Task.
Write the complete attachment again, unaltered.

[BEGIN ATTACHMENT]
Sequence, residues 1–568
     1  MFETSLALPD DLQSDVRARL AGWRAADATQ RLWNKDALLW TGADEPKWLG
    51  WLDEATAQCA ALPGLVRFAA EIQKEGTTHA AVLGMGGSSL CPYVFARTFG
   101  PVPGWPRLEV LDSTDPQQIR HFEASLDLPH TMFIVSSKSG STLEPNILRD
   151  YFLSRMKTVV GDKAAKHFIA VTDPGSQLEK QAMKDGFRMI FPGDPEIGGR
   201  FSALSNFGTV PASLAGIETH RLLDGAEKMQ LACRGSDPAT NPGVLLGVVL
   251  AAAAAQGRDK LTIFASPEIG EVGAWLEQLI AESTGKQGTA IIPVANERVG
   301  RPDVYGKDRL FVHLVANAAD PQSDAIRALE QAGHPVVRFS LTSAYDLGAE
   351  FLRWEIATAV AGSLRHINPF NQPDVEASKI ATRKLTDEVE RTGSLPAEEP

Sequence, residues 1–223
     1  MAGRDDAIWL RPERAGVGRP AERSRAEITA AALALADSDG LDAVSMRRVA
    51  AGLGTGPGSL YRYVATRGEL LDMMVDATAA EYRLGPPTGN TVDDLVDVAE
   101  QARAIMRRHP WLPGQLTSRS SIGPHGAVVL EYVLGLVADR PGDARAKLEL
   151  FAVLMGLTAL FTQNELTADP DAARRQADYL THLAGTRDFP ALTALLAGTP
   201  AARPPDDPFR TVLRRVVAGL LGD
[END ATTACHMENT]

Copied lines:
Sequence, residues 1–568
     1  MFETSLALPD DLQSDVRARL AGWRAADATQ RLWNKDALLW TGADEPKWLG
    51  WLDEATAQCA ALPGLVRFAA EIQKEGTTHA AVLGMGGSSL CPYVFARTFG
   101  PVPGWPRLEV LDSTDPQQIR HFEASLDLPH TMFIVSSKSG STLEPNILRD
   151  YFLSRMKTVV GDKAAKHFIA VTDPGSQLEK QAMKDGFRMI FPGDPEIGGR
   201  FSALSNFGTV PASLAGIETH RLLDGAEKMQ LACRGSDPAT NPGVLLGVVL
   251  AAAAAQGRDK LTIFASPEIG EVGAWLEQLI AESTGKQGTA IIPVANERVG
   301  RPDVYGKDRL FVHLVANAAD PQSDAIRALE QAGHPVVRFS LTSAYDLGAE
   351  FLRWEIATAV AGSLRHINPF NQPDVEASKI ATRKLTDEVE RTGSLPAEEP

Sequence, residues 1–223
     1  MAGRDDAIWL RPERAGVGRP AERSRAEITA AALALADSDG LDAVSMRRVA
    51  AGLGTGPGSL YRYVATRGEL LDMMVDATAA EYRLGPPTGN TVDDLVDVAE
   101  QARAIMRRHP WLPGQLTSRS SIGPHGAVVL EYVLGLVADR PGDARAKLEL
   151  FAVLMGLTAL FTQNELTADP DAARRQADYL THLAGTRDFP ALTALLAGTP
   201  AARPPDDPFR TVLRRVVAGL LGD